July 26, 2011
The scene in the video (above) might look like the surface of the moon, but the feature is actually the mottled underside of a melt pond on sea ice in the Arctic Ocean. Here’s a look back at one of ICESCAPE’s numerous tools that scientists used to probe the depths of this rarely observed environment.
Ice blocks some incoming light, but not all of it, and scientists want to know how much makes it through and is available for photosynthesis. To find out, Karen Frey, of Clark University, managed the ICEPRO and ICEPOD duo at the mission’s nine ice stations. The instrument package provides profiles of optical properties below sea ice and melt ponds, a region hidden from view of satellites.
Frey lowered the ICEPRO below to pond to profile optical properties down to about 50 meters. Credit: NASA/Kathryn Hansen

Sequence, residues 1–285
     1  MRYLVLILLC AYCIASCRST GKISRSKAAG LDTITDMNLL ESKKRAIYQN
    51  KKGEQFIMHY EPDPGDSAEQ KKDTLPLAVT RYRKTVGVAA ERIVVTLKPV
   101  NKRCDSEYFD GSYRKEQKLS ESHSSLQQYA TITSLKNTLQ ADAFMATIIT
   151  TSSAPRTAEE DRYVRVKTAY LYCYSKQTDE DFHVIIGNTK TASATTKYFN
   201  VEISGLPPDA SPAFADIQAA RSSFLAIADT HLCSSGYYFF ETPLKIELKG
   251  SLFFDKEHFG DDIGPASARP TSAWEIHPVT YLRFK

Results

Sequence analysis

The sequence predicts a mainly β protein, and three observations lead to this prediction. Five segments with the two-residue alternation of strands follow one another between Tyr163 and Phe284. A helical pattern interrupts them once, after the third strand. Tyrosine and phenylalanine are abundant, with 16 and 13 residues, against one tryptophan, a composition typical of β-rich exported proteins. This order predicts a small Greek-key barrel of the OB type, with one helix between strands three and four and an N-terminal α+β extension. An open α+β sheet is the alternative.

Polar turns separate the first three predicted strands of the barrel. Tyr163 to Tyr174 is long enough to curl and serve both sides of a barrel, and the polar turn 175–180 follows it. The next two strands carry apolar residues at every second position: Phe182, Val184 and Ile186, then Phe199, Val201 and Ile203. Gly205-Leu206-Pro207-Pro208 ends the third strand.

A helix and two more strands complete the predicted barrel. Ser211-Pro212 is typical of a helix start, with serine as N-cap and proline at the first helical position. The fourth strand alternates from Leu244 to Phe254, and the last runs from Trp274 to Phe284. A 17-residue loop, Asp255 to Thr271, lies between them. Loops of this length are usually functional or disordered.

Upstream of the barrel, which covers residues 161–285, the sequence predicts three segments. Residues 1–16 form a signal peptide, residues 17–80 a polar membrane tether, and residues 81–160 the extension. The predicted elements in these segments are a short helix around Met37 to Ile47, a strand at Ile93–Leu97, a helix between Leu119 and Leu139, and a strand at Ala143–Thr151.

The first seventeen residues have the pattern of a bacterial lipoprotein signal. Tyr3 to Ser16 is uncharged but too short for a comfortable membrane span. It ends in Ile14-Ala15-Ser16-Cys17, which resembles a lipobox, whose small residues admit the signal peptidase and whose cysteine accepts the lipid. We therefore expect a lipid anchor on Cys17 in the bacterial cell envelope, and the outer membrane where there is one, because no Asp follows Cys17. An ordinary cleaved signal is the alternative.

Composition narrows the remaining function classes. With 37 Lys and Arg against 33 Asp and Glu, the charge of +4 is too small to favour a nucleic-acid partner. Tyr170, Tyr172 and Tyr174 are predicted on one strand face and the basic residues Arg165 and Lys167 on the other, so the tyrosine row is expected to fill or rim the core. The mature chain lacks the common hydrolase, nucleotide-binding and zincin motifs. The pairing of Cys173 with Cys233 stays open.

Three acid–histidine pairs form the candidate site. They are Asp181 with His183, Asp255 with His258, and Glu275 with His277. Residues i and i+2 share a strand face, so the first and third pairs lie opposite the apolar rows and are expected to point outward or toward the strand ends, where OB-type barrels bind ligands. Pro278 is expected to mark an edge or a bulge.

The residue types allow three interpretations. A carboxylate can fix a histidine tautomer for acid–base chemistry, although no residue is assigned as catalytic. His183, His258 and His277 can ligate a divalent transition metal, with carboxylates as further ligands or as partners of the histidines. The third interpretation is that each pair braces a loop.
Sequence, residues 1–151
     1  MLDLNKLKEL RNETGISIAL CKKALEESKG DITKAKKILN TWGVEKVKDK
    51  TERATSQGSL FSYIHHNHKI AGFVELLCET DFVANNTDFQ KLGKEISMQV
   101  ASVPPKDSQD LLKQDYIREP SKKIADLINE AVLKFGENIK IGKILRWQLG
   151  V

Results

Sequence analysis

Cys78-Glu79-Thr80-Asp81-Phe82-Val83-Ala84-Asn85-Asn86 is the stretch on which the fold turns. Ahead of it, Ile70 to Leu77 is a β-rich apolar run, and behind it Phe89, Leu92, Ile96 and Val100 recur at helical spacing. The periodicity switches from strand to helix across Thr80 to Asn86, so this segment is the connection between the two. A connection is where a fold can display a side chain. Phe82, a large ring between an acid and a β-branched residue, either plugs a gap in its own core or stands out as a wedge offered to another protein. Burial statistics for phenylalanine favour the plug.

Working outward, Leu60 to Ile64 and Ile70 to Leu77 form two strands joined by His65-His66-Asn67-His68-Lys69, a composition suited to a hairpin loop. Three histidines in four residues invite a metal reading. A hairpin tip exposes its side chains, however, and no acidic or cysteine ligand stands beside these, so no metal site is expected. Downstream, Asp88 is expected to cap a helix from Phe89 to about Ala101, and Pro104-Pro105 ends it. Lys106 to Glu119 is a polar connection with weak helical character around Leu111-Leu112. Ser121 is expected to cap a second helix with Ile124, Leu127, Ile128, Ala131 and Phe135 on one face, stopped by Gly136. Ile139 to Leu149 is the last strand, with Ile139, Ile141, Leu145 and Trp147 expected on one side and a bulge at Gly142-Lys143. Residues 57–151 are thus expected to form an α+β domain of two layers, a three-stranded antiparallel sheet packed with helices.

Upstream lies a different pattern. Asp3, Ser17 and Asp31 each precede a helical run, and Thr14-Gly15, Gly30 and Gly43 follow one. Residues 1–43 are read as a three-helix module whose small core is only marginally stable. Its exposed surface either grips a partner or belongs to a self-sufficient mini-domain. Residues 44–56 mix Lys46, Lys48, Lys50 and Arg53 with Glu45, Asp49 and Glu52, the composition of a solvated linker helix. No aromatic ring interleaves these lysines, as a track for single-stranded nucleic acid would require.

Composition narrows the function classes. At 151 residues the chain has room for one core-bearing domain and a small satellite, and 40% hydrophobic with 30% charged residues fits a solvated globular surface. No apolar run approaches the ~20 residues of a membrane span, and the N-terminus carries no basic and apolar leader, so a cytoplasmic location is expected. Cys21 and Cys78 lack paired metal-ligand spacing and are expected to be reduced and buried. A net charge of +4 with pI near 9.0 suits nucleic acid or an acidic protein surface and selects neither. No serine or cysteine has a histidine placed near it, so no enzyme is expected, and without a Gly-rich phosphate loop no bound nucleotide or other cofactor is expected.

The device has sensors that look up and down through the water column. The upward-looking sensor measures downwelling light, and the downward-looking sensor measures upwelling light. David Mayer, of Clark University, recorded the data with the click of a button on a laptop.
Meanwhile, a tripod or “ICEPOD” measures incoming light at the surface, so scientists can calculate the percent of total light transmitted through the ice.
From the surface to about 10 meters deep, water below a melt pond will “see” much more light than water below bare ice. By about 20 meters down, however, contributions have all mixed together and water below a pond will about the same amount of light as water below bare ice.